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Playing Small

When I celebrated my six month anniversary of business ownership, I spent a lot of time reflecting on all the lessons I have learned leading up to starting my own business and during the first six months. These lessons can apply to anyone, regardless of age, gender or even where you are in your career. 

On the same token, I recently attended an “Incredible Women Party” hosted by Gina Skinner Thebo with the Atwood Center for Women. This event happens quarterly and brings together 50 women to explore a topic, network, and to champion each other. What makes this even unique is that each woman (yes all 50) has to talk about the topic for 60 seconds standing up and into a microphone. The intention is to help women learn how to articulate and promote themselves. And it is awesome.  

I had the honor of sponsoring this most recent event focused on businesses you own or would like to own. As such I was allotted 5 minutes to share whatever I wanted about my business. Instead I took the time to share with this group all of the ways I used to limit my possibilities and play small.  

Several women told me how much my list of five resonated with them, even asking for a copy of the list. So, without further ado, here is an improved and expanded list of all the ways I’ve played small. May it inspire you to play BIG! 

  1. I didn’t always invest in myself. Sure, I took full advantage of every program or experience I could through work, but I didn’t always put my own money into me. The first coach I ever worked with was this incredible Master Coach from San Francisco. Needless to say her fees weren’t Iowa Nice. When we met she asked me the question, “What does it feel like to invest in yourself in this way? What could be possible?” It honestly brought me to tears, because I decided in that moment I was worth the investment.  
  2. I didn’t charge my worth. When you first start working for yourself, whether it’s a side hustle or full time, the first thing you must decide is, “How much will I charge for this product or service?” It isn’t an easy question for many of us. But as I grew, and my skills grew along with demand, I wasn’t charging my worth. Fortunately, I had a client push back on my price and tell me to resubmit with a higher amount. His company wouldn’t take me seriously at that price point. I now own the impact my company is making and not afraid to charge accordingly. 
  3. I presented myself as I thought I “should” versus who I am. I thought I had to dress a certain way to be considered credible. And while yes, first impressions do matter, what matters more is confident authenticity. I would wear clothes that didn’t fit me, my brand didn’t feel like me, and I ultimately wasn’t showing up as me. Now I show up in clothes that make me feel powerful and authentic, my brand is a direct experience of who I am, and I couldn’t be happier. What’s even cooler? People ask to buy my t-shirts all time or send me photos in their Sarah Swag.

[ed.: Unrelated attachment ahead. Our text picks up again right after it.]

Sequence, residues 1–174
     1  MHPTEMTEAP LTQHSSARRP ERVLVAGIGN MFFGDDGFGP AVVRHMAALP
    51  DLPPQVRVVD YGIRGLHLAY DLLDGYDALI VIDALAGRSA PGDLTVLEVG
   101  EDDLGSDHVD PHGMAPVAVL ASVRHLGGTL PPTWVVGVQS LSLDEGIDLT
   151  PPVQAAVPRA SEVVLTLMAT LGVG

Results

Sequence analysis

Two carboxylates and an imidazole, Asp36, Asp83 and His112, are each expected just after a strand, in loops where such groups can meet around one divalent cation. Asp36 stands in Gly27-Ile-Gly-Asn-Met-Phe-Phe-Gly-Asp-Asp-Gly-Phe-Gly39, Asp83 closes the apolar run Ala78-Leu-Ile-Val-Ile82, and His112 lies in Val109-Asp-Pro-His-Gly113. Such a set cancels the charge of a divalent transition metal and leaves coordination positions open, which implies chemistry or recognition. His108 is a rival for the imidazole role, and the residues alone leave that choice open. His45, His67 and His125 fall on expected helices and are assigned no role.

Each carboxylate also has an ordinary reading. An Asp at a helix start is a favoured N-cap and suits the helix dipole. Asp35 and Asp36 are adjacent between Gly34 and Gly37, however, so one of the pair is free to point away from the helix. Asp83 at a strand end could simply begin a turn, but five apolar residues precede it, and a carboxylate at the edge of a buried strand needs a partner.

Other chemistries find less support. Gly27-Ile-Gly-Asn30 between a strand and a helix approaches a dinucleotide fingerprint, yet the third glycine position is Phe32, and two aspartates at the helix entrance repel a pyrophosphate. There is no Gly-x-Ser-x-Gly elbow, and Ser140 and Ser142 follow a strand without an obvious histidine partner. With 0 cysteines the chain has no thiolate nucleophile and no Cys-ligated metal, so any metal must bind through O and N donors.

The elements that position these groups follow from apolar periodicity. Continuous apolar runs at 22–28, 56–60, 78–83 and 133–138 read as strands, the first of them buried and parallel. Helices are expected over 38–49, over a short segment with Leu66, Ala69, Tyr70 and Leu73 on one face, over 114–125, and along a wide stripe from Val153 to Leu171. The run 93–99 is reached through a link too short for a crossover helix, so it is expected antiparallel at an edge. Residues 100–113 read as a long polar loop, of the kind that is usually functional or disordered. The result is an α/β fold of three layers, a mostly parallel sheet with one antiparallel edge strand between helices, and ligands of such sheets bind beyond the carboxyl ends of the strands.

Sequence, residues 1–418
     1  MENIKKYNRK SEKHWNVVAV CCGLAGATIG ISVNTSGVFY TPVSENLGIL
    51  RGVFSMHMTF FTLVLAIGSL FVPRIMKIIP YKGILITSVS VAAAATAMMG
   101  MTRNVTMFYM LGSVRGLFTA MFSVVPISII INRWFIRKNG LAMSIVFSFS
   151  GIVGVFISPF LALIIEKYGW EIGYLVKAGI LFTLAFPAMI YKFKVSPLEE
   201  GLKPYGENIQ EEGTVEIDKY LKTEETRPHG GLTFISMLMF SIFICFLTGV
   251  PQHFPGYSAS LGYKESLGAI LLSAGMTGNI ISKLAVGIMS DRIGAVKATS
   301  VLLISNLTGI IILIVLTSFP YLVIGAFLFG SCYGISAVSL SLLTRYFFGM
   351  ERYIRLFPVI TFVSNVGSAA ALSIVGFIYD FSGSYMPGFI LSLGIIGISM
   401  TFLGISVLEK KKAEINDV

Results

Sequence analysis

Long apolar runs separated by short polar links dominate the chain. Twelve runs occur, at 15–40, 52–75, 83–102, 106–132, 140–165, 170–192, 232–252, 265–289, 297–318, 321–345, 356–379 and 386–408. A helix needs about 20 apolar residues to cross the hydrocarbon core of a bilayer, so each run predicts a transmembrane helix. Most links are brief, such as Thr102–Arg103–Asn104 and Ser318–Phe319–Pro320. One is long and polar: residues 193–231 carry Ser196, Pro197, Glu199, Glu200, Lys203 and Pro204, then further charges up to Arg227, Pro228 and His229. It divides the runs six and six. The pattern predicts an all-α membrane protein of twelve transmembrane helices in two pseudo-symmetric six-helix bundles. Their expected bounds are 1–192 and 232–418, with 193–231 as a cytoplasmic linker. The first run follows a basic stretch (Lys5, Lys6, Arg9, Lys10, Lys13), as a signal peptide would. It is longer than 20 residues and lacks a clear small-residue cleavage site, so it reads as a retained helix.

4. I didn’t invest in my company. When I first started, like so many, I tried to do things as cheaply as possible. Even going so far as to ask for someone who was “affordable” to design my logo. Your logo is the first experience many people will have with your work and I wasn’t willing to make it the best possible first experience. I realized if I won’t invest in me, how can I ask others to?  I started working with Project 7 Design. That investment was not only a game changer for my company, it was a game changer for me and how I showed up. If you love the look of the brand, know that emerged from me asking myself the question “Do I build a brand that I “should” or a brand that makes me happy?” You can figure out which way I went! 
  5. I tried to go it alone. I tried to do everything I could on my own. Which isn’t the smartest idea for anyone, much less someone who works to manage severe ADHD. This meant balls were dropped, emails were delayed, and client experience wasn’t ideal. Yes, it is scary to hire someone when you don’t have steady income. But there is also a cost, personally and professionally, to going it alone. Hiring my team has been a game changer for me on so many levels. But most importantly it helps to know that others have my back when I need it the most.  

Those were the five I shared at the event. I’d like to add a few more quickly: 

  • I said yes to clients who weren’t ideal.
  • I didn’t believe I could be successful or was fearful of the possible success.
  • I was afraid I couldn’t live up to other people’s visions for my success.
  • I compared myself to others.
  • I said I would start a business 2-3 years from now for 8 years.
Last year I vowed to stop playing small and to help others do the same. This world needs us to play big, our family wants us to play big, and you deserve to play big. 
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